The Honorable Arthur Winston Nicholas Soames was born in Croydon and is a grandson of the British wartime prime minister Sir Winston Churchill, the son of Lord and Lady Soames, a nephew of the former Defence Secretary Duncan Sandys, Diana Churchill, the journalist Randolph Churchill and the actress and dancer Sarah Churchill, and a great-nephew of the founders of the Scout movement, Robert Baden-Powell and Olave Baden-Powell. His brother is the industrialist Rupert Soames. Simon Hoggart, writing in the Guardian, relates an anecdote of Soames’ childhood: ‘He gave me the true version of what I had always suspected was an apocryphal story. In or around 1953, when Soames was five, he didn’t know how important his grandfather was until someone told him. So he walked up to the old man’s bedroom, managed to get past the valets and the secretaries, and found him sitting up in bed. “Is it true, grandpapa, that you are the greatest man in the world?” he asked. “Yes I am,” said Churchill. “Now bugger off.”‘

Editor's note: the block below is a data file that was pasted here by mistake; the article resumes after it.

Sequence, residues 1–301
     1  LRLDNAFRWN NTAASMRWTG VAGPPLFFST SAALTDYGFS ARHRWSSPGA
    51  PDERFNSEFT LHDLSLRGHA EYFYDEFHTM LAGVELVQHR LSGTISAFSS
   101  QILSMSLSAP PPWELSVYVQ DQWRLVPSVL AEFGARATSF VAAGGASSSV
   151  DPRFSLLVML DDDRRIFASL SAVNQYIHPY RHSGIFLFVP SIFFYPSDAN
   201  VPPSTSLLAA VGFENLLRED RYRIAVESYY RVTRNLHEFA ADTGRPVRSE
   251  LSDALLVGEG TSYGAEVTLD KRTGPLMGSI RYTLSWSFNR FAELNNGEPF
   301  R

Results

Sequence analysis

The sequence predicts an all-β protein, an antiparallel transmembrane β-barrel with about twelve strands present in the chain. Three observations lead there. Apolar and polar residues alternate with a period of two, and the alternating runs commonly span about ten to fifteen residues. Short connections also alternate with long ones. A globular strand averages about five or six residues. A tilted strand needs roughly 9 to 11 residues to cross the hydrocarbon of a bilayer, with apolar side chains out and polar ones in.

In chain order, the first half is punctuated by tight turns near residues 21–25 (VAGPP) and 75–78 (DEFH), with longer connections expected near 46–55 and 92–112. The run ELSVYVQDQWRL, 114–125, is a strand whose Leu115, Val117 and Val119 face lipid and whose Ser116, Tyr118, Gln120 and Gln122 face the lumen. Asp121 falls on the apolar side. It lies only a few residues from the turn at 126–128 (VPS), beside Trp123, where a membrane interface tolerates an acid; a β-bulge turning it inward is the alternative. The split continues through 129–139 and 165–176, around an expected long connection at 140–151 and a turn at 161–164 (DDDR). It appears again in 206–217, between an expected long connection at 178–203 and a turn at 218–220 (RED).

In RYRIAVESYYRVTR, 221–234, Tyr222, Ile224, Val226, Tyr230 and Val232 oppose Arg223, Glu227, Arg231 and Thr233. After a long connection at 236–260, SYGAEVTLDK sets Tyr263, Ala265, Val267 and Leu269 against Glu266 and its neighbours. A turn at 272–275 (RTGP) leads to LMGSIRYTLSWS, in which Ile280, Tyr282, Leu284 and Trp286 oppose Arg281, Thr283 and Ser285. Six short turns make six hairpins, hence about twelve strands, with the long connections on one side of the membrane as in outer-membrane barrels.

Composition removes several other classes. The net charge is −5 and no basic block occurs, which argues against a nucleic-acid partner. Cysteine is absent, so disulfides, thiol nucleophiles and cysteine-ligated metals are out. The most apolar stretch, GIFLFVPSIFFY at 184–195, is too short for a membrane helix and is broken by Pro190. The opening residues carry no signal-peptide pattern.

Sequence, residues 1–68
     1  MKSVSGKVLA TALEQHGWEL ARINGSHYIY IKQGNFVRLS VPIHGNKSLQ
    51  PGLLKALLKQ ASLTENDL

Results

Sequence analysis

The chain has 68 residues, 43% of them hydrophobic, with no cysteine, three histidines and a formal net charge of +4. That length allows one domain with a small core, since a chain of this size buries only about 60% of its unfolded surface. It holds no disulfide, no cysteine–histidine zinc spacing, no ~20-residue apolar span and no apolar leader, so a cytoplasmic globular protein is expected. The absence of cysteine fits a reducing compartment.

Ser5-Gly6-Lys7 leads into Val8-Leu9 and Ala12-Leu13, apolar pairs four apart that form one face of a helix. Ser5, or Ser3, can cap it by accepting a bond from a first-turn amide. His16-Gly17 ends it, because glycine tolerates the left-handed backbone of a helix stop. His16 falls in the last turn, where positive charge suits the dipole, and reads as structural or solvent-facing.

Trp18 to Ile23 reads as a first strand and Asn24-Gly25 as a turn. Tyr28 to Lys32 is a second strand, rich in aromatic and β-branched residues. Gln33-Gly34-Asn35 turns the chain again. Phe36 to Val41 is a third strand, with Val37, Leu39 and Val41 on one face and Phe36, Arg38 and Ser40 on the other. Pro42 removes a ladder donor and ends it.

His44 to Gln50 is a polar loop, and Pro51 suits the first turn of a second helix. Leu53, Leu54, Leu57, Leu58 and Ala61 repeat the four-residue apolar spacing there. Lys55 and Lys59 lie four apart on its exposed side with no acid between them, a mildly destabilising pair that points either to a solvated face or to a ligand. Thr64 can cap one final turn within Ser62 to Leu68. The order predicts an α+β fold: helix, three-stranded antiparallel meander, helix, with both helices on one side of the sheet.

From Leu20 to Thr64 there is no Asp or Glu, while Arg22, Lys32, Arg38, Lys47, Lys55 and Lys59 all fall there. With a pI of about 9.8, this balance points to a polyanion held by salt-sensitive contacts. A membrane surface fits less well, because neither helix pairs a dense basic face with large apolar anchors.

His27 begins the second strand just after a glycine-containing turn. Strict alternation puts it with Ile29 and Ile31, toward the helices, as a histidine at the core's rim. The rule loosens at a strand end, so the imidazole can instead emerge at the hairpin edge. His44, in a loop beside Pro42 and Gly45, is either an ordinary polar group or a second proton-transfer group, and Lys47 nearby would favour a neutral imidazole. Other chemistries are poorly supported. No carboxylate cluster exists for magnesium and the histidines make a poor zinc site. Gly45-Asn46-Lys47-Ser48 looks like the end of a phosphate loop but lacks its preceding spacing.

Soames has been married twice. His first marriage (4 June 1981 – 1988) was to Catherine Weatherall (the sister of Isobel Bowes-Lyon, Countess of Strathmore and Kinghorne), by whom he has one son, Harry Soames.
Prince Charles was the best man at Soames’ first wedding on 4 June 1981 at St. Margaret’s Church, Westminster, and attended with Lady Diana Spencer as his guest, just over a month before their own wedding. Princess Margaret and the Queen Mother also attended. Clemmie Hambro, Sir Winston Churchill’s great-grandaughter, was a flower girl in Lady Diana’s wedding, and is seen above right in the news clipping.
He married, secondly, Serena Smith, above, (a niece of the Duchess of Grafton) on 21 December 1993. They have a daughter, Isabella, and a son, Christopher.
In 1970 he was named Equerry to HRH The Prince of Wales and he has remained a close friend of the Prince ever since. He publicly criticised Diana, Princess of Wales, during the couple’s estrangement. When Diana first accused the Prince of Wales of adultery with Camilla Parker Bowles, Soames told the BBC that the accusation, and Diana’s fear of being slandered by her husband’s courtiers, stemmed merely from Diana’s mental illness, and “the advanced stages of paranoia”.
Charles later admitted his adultery and Soames apologised. When questioned by the inquest into the death of Diana, Soames said that he saw his job as “to speak up for the Prince of Wales”. He denied threatening Diana, and warning her, “accidents happen” in the months before she died.